On this issue, Doreen Frankson, president of the Jamaica Manufacturers Association (JMA) indicates that some local manufacturers are finding it more cost effective to contract their manufacturing abroad where they can benefit from special export programmes and cheaper costs of money. Wholesales of produce, have also taken a cue. "What this means," Frankson point out, "is that Jamaica has forfeited employment, expansion of manufacturing and those sectors linked to manufacturing, increased tax earnings, and a better standard of living for Jamaicans." But against these odds, and to its credit, the JMA has launched a campaign to assist the uniform and furniture sectors to land local contracts, and more presciently, to prepare the manufacturing sector at large for operating within the Free Trade Areas of the Americas (FTAA) in 2005.
Not gone unnoticed also, has been Guyana's increasing economic and trade links with Brazil, South America's largest country. This not only establishes a partnership with one of the most dynamic and untapped markets, but in time, will create access to the entire South America as well. With the Unites States getting increasingly stringent as it's war on terror continues, this alternative market will take on new importance to Guyana's economy. Another success for Guyana has been in the area of sugar production. Guyana is now the only Caricom country and one of the few in the world which has increased it production of sugar cane. "Get accustomed to Guyanese sugar," says Patrick Manning Prime Minister of Trinidad and Tobago.
Thankfully, Jamaica can cheer about strides made in its tourism and bauxite/alumina sectors. In 2003, Jamaica arrivals were about 1.34 million, exceeding the 1.27 million for the previous year. "We have had a good end to 2003," proclaims Paul Pennicook, Director of Tourism in Jamaica. In the latter sector, Alumina Partners of Jamaica (Alpart) also had a record year in 2003 in which it produced 1,529,100 metric tonnes of alumina, surpassing the previous annual best of 1,508,500 tonnes produced in 1999, and exceeding 2002's production by 6.9%. The alumina plant in Nain, St Elizabeth, is now one of the largest foreign exchange earners for Jamaica, earning over US$100 million yearly. If only more of these monies could be directed to positively impacting the lives of the population at large. But the huge debt burden of Jamaica, is like a loadstone.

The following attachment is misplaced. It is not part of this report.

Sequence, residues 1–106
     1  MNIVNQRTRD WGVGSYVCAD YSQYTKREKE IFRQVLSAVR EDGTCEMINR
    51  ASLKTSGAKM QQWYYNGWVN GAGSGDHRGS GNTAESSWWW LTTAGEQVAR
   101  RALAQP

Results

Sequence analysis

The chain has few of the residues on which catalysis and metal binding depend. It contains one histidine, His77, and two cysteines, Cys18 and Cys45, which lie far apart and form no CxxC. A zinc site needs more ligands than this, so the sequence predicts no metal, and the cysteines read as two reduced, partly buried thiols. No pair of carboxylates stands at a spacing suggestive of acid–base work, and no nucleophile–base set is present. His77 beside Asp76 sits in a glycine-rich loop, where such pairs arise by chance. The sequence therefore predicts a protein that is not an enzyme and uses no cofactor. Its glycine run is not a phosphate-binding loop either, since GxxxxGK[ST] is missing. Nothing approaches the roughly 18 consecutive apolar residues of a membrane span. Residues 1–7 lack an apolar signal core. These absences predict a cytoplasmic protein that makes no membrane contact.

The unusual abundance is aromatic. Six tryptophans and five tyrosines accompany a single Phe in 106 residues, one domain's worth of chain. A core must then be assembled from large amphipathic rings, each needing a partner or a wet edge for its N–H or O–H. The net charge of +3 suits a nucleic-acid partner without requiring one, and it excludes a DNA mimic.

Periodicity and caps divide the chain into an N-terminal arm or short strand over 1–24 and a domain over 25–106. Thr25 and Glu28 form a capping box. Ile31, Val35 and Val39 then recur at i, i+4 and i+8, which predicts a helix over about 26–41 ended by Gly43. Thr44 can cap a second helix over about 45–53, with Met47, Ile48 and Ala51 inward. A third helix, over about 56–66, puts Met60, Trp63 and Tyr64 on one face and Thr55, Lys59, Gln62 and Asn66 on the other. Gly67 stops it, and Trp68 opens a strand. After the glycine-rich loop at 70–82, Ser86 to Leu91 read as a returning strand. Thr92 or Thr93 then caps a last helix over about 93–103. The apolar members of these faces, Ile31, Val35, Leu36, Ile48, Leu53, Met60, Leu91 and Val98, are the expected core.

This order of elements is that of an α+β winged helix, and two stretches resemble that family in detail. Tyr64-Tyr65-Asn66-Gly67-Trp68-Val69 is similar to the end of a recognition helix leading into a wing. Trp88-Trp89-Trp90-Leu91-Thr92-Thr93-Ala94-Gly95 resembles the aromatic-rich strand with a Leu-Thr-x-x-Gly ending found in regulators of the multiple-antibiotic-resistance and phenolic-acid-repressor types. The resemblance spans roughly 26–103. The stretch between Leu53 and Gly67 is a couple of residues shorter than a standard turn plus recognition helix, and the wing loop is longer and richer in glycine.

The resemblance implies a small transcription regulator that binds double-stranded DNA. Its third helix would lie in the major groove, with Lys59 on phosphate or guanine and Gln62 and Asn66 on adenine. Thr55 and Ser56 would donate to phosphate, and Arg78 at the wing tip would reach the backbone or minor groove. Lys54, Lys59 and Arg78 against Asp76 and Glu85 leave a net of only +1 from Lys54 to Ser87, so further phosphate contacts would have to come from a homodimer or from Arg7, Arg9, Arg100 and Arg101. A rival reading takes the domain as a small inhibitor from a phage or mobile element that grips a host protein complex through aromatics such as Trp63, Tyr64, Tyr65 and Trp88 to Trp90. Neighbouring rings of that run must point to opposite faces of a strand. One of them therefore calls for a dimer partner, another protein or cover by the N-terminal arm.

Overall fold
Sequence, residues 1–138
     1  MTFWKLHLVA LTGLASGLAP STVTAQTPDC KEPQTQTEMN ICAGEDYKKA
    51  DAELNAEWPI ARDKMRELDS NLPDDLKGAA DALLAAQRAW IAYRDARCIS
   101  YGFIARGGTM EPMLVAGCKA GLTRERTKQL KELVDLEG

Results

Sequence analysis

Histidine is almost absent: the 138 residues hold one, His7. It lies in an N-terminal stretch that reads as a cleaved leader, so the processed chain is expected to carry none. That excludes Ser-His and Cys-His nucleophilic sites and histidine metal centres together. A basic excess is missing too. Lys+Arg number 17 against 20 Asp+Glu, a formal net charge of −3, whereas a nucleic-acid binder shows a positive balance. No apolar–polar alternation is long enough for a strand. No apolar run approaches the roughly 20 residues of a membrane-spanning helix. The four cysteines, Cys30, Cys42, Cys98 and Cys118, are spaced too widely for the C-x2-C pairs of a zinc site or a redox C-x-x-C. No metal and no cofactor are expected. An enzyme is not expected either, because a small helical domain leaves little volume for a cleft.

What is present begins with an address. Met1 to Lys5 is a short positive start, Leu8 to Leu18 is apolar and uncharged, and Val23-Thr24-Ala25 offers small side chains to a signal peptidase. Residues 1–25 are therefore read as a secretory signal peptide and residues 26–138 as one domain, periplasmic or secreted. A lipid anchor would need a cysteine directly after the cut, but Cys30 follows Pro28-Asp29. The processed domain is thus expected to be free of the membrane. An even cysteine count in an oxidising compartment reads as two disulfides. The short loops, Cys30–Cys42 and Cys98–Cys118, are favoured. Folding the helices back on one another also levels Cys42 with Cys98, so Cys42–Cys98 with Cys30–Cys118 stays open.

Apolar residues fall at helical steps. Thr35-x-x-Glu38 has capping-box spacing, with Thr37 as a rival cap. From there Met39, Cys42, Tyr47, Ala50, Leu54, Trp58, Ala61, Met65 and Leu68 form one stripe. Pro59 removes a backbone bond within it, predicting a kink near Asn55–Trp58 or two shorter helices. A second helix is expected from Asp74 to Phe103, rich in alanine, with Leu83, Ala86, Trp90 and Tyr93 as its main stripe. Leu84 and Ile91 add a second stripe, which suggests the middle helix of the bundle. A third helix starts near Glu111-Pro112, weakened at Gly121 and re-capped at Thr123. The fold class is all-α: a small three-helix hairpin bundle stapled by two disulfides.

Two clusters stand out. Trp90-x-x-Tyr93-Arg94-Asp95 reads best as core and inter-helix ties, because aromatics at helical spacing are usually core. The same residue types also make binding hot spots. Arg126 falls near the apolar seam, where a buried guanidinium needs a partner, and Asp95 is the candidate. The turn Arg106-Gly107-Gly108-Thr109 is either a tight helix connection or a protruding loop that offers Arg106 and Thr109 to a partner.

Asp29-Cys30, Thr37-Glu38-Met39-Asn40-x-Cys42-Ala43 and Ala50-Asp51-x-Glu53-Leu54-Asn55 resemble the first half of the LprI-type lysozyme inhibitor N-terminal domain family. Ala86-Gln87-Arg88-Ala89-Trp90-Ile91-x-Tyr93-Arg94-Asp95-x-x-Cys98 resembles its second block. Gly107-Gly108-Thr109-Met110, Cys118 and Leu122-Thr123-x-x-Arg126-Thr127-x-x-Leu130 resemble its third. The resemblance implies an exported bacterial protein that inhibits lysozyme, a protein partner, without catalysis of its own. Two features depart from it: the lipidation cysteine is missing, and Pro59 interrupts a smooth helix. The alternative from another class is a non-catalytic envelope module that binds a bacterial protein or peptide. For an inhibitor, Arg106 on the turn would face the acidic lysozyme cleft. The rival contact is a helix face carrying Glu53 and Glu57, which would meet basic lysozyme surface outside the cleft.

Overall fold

Finally Rickey Singh is correct that crime, and violence, are scourges of both societies. Having just last November attended the funeral of a high school friend gunned down as he left his business place in Kingston, Jamaica, and constantly reading about murders over petty issues in the Guyana press, I can attest to, but can posit no remedy for these social ills. Race relations get their share of airing in the Guyana press. Surprisingly to some, Jamaica has it's share of `race' problems too. More and more Jamaicans of Africa descent have been airing their concerns about indifferent treatment in the resort areas of Jamaica. And as Hughlin Boyd pointed out in his piece titled "`Foreign' Jamaicans Beware" which appeared in the November 5th 2003 issue of the Jamaica Observer, returning Jamaican residents are not only being marginalized, but being preyed upon. "It can become a nightmare for those Jamaicans who may wish to return to a mythical home." And so in Jamaica's case , it is more the same race preying upon it's own. Some Guyanese returning residents as S. Ram wrote in the January 8th Stabroek News, fear for their security. "It's the number one reason," he states.
In search of making a difference, I am keen on both countries. But the economic numbers are suggesting that Guyana might turn the corner before Jamaica does.